Amid the sprawl that developed in the 19th century, St-Etienne has a disproportionate number of squares and some excellent places to eat the solid local fare. Try Aux Deux Cageots (00 33 4 77 32 89 85) on Place Grenette or Le Bistrot de Paris (00 33 4 77 32 21 50) on Place Jean Jaurès.
When renaissance poets described "la douceur angevine" they were referring to Anger's warm climate, but it goes further than that: here douceur is part of the lifestyle. This pretty, welcoming town is full of places where you can eat and drink well.
In Angers eels are a local delicacy and one place to taste them is the Les Templiers (00 33 2 41 88 33 11), with its medieval décor. Along the river, you'll find fish restaurants serving dishes such as salmon tournedos with light, fruity red wines from the region.
Over the river in Doutre or near the town hall, there are many places to try other specialities such as rillauds (potted pork), duck and calf's head.
Next to the impressive black and white chateau with its ancient tapestries is the Maison du Vin de l'Anjou (5 Bis Place Kennedy) where you can try regional wines. Look out for the Coteaux du Layon Chaume, a honey-flavoured white wine to accompany foie gras or dessert. If you prefer Cointreau, the distillery is just outside town (00 33 2 41 31 50 50).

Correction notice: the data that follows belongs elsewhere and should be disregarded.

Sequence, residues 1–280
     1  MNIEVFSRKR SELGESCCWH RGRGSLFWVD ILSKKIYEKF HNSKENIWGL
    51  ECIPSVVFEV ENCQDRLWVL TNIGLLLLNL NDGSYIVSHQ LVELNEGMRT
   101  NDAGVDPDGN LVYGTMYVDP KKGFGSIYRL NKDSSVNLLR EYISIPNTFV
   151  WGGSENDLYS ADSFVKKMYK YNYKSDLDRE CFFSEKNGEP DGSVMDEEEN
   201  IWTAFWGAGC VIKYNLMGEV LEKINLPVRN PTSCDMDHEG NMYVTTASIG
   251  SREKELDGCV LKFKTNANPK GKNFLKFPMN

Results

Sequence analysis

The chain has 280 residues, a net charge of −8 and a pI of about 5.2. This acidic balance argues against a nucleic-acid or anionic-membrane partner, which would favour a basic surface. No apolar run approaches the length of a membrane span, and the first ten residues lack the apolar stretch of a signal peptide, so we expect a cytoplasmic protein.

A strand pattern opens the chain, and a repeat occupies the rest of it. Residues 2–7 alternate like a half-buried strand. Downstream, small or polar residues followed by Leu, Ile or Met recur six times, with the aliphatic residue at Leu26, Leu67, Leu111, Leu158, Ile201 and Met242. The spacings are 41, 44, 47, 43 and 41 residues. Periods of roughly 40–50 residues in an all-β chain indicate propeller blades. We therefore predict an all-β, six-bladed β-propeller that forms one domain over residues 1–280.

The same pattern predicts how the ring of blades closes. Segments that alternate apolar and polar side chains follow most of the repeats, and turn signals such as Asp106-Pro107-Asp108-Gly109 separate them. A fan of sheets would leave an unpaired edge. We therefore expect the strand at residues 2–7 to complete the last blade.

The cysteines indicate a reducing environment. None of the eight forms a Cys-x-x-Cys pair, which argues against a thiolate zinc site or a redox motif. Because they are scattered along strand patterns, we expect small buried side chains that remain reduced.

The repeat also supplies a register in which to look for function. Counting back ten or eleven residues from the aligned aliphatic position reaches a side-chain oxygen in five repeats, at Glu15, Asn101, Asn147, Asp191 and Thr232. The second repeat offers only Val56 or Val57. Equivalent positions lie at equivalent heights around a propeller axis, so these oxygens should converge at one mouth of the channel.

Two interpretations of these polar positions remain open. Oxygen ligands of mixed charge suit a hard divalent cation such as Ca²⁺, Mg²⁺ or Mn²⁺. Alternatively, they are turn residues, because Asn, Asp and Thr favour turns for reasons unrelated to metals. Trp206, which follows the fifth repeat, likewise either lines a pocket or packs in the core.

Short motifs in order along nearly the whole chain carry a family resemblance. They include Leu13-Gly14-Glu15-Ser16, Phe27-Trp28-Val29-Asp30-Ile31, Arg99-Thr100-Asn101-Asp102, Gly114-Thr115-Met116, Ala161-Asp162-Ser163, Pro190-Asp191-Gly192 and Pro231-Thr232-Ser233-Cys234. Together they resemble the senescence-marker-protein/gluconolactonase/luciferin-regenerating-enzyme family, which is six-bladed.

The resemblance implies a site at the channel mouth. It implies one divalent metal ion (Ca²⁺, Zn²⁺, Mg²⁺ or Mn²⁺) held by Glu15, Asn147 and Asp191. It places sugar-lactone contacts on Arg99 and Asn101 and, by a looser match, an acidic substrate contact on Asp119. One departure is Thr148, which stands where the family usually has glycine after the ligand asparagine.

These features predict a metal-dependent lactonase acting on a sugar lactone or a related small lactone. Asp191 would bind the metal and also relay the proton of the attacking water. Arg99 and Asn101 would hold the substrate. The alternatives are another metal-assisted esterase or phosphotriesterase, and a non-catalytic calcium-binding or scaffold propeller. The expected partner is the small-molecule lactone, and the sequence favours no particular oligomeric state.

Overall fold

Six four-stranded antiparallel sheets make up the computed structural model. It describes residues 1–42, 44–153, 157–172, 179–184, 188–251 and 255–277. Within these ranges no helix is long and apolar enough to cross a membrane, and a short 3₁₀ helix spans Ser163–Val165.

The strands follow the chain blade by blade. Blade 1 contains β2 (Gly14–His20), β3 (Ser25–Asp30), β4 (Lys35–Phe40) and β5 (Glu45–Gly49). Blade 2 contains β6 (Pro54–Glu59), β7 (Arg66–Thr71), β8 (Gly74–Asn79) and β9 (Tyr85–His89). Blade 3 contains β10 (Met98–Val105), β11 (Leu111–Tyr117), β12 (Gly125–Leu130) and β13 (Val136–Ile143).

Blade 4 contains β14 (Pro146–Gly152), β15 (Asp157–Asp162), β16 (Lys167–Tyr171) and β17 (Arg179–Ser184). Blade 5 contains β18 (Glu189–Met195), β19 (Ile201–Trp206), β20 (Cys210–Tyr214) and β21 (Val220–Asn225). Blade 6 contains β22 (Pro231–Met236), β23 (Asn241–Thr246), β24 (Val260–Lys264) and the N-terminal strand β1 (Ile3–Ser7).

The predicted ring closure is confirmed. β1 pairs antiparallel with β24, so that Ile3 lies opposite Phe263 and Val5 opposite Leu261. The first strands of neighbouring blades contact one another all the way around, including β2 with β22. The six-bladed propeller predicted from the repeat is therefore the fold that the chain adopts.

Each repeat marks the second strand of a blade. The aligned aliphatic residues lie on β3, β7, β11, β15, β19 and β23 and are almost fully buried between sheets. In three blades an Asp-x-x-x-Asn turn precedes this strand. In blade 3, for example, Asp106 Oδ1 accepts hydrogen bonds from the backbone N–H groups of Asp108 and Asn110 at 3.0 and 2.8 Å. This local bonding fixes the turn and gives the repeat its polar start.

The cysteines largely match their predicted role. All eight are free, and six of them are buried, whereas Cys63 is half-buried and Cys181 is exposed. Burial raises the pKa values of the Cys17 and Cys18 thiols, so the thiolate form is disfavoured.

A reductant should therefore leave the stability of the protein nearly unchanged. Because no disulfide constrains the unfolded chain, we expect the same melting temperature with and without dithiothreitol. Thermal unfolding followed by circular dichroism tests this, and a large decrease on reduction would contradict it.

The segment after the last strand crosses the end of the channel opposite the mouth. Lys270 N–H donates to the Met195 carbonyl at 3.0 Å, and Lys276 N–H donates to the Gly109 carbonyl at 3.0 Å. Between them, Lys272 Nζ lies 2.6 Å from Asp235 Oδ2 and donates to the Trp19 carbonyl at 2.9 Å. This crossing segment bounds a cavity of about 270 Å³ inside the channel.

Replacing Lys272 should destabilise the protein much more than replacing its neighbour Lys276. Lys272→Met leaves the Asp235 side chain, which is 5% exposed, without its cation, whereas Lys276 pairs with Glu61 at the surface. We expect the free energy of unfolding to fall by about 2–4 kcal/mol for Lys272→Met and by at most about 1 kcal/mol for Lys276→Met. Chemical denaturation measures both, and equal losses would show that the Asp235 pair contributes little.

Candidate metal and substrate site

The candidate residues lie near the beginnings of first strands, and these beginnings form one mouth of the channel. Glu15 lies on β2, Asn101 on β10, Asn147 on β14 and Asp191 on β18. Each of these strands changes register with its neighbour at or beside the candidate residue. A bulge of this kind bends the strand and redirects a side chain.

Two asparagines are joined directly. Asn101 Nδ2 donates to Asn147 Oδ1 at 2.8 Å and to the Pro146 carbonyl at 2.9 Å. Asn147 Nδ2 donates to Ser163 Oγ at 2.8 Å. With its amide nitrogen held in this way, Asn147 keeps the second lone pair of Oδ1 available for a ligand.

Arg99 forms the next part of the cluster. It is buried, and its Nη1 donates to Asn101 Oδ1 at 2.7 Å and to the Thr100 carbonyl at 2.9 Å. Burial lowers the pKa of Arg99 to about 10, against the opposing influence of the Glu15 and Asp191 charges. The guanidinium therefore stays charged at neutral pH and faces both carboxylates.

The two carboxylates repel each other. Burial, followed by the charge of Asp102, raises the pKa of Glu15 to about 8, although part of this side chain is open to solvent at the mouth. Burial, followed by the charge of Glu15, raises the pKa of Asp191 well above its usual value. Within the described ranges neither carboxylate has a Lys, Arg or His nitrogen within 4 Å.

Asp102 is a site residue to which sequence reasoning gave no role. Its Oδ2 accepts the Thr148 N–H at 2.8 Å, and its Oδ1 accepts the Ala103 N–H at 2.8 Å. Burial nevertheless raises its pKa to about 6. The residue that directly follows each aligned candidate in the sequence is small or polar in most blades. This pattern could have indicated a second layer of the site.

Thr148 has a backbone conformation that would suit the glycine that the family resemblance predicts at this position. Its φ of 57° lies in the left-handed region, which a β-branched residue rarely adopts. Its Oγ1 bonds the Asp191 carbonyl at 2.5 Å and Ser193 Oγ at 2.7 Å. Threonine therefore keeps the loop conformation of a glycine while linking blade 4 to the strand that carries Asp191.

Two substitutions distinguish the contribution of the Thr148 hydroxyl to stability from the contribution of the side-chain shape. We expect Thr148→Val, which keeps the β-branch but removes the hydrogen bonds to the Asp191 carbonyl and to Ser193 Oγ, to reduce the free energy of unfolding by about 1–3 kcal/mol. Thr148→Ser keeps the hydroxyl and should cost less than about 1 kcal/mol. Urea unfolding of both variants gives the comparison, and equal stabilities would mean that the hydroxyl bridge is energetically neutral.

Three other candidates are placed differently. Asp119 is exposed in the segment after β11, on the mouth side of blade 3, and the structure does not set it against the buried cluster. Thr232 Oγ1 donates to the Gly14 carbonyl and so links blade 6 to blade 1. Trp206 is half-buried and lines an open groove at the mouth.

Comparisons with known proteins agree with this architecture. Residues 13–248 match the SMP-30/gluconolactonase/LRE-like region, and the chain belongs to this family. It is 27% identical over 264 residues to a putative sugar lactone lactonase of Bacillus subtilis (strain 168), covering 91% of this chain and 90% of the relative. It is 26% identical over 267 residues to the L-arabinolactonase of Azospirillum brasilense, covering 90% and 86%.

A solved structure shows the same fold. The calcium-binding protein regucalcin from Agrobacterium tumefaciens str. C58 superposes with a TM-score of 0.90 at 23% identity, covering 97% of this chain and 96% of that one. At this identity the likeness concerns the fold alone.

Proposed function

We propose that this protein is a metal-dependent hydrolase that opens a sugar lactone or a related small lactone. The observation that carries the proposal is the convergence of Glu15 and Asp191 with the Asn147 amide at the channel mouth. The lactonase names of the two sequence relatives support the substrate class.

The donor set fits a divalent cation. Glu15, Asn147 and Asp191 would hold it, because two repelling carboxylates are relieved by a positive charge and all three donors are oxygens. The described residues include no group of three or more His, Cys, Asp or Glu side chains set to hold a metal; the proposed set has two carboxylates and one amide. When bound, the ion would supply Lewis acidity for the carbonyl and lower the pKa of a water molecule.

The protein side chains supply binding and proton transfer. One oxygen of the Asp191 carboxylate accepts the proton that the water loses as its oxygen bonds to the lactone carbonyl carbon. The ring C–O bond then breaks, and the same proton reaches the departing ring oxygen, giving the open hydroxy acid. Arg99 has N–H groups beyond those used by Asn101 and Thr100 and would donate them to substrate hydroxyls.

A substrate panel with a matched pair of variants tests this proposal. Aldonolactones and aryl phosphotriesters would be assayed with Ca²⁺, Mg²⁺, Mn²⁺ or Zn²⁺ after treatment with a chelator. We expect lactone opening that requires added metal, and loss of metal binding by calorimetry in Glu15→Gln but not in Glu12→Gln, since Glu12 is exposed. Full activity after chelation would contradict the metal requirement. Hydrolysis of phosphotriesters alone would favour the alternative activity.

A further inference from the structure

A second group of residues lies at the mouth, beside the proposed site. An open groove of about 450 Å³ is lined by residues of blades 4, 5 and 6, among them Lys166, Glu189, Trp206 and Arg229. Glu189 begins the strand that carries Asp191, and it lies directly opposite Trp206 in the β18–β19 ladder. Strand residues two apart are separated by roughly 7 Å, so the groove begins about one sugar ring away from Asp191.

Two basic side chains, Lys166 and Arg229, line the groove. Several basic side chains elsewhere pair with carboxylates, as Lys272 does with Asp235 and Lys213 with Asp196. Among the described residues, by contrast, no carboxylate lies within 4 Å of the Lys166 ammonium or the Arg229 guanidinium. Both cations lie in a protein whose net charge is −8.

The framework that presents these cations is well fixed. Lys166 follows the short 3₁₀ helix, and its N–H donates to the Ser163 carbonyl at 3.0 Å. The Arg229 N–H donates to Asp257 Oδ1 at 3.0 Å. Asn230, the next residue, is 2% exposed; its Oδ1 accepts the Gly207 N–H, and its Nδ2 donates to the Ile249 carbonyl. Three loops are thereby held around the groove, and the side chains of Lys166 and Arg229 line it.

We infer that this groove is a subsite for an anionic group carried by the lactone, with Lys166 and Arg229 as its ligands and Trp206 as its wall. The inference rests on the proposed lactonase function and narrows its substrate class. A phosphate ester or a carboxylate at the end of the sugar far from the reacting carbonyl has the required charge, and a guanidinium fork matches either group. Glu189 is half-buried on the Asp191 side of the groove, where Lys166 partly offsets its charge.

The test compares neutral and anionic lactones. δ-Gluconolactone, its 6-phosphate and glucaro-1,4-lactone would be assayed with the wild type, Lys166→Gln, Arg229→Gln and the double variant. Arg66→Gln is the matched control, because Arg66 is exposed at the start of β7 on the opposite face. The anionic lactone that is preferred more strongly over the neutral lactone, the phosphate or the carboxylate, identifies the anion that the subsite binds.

In the evening, enjoy oysters or eels with wine at a table on the Place du Ralliement.
Reims is a good place for traditional rustic food. But what the region is really famous for is Champagne, invented here, and you can visit some of the best known Champagne houses, from Mumm to Piper-Heidsieck.
The town even has its own sweet and crunchy "biscuit rose de Reims", designed for dunking in Champagne. Although the town's historic centre was destroyed in two World Wars, many buildings were expertly restored. Most restaurants and bars can be found on the Place Drouet-d'Erlon between the station and the great cathedral. You may be tempted by andouillettes (pig's intestines sausages) particularly famous in nearby Troyes. Perhaps a more palatable delicacy is cooked ham seasoned with champagne, mustard and Reims vinegar.
You'll also notice the region's rich, creamy Chaource cheese in many dishes.
Amy Cook and Simon Calder
For more information and bookings, contact St-Etienne tourism on, 00 33 892 700 542; www.tourisme-st-etienne.com, Reims tourism on 00 33 3 26 77 45 00; www.reims-tourisme.com, or Angers on, 00 33 2 41 23 50 00; www.angers-tourisme.com